WHO’S IRISH? (excerpt)

My husband always used to say he is afraid of me, and in our restaurants busboys and cooks all afraid of me, too. Even the gang members come for protection money, they try to talk to my husband. When I am there, they stay away. If they come by mistake, they pretend they are come to eat. They hide behind the menu, they order a lot of food. They talk about their mothers. Oh, my mother have some arthritis, need to take herbal medicine, they say. Oh, my mother getting old, her hair all white now.

I say, Your mother’s hair used to be white, but since she dye it, it is black again. Why don’t you go home once in a while and take a look? I tell them, Confucius say a filial son know what color his mother’s hair is.


It’s an American story: before he was a thinker, or a doer, or an engineer, much less an imagineer like his self-made millionaire friend Grover Ding, Ralph Chang was just a small boy in China, struggling to grow up his father’s son. We meet him at age six. He doesn’t know what or where America is, but he does know, already, that he’s got round ears that stick out like the sideview mirrors on the only car in town—his father’s. Often he wakes up finds himself tied by his ears to a bedpost, or else he finds loops of string around them, to which are attached dead bugs. “Earrings!” his cousins laugh. His mother tells him something like, It’s only a phase. (This is in Shanghainese.) After a while the other boys will grow up, she says, he should ignore them. Until they grow up? he thinks, and instead—more sensibly—walks around covering his ears with his hands.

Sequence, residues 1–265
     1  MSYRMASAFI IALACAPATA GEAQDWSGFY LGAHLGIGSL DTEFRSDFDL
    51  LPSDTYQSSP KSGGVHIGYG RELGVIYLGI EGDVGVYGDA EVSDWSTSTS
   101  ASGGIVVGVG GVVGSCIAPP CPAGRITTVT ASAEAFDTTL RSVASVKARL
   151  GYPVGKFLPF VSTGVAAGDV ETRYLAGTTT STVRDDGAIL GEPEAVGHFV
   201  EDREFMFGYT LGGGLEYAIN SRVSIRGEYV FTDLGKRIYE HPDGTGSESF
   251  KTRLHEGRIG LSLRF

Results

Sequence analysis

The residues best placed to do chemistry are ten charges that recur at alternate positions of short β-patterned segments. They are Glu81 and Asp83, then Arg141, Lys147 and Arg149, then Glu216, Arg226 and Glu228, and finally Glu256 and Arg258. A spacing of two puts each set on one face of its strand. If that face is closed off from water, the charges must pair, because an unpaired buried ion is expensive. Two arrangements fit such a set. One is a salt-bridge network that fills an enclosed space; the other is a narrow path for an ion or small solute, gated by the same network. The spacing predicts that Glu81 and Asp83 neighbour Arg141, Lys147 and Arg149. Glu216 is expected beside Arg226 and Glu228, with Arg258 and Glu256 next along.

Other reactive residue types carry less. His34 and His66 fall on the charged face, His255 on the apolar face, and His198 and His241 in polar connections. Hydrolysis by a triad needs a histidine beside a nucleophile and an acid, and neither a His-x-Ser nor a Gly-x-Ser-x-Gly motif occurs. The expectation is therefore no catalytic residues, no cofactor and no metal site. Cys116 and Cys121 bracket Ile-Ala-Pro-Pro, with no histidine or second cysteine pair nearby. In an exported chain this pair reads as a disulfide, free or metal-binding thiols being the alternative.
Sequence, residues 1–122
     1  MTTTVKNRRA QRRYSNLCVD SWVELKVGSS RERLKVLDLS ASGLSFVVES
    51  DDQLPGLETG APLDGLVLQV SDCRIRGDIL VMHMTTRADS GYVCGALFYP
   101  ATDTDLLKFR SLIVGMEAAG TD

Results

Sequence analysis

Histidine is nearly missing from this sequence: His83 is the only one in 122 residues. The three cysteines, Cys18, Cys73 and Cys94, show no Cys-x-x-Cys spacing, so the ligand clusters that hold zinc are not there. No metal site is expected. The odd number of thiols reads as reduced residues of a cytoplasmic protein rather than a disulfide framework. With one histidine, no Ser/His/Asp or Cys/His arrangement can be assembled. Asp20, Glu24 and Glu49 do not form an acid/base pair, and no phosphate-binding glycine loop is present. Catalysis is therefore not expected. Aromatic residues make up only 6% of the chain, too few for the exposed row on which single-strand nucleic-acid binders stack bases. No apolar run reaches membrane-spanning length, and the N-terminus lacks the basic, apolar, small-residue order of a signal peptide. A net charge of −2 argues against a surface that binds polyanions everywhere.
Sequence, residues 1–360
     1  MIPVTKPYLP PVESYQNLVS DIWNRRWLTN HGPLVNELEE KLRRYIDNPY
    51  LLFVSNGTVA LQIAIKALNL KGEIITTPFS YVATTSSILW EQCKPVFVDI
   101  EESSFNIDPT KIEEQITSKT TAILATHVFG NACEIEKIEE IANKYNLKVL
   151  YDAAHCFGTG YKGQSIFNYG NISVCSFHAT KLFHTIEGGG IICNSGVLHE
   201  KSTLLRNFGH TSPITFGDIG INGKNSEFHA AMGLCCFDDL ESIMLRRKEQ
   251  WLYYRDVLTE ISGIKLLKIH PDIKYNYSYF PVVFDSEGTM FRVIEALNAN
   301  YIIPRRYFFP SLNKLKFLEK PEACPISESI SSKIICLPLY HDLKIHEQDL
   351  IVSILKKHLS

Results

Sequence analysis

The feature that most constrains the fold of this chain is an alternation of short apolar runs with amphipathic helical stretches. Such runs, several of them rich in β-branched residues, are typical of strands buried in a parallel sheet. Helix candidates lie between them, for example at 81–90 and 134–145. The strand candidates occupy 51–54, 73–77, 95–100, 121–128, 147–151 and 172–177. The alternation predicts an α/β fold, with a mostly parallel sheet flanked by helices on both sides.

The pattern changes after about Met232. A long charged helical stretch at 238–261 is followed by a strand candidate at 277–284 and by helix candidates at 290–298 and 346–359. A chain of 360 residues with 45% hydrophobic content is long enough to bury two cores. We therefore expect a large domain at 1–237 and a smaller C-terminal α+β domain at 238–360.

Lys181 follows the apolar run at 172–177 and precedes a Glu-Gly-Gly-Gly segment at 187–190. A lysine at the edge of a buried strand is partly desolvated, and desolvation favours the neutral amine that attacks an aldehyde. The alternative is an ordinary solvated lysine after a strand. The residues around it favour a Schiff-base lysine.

There they are, nice Chinese family—father, mother, two born-here girls. Where should they live next? The parents slide the question back and forth like a cup of ginseng neither one wants to drink. Until finally it comes to them: what they really want is a milk shake (chocolate), and to go with it a house in Scarshill. What else? The broker hints patiently, in a big round voice; she could have modeled her elocution on the cannonball.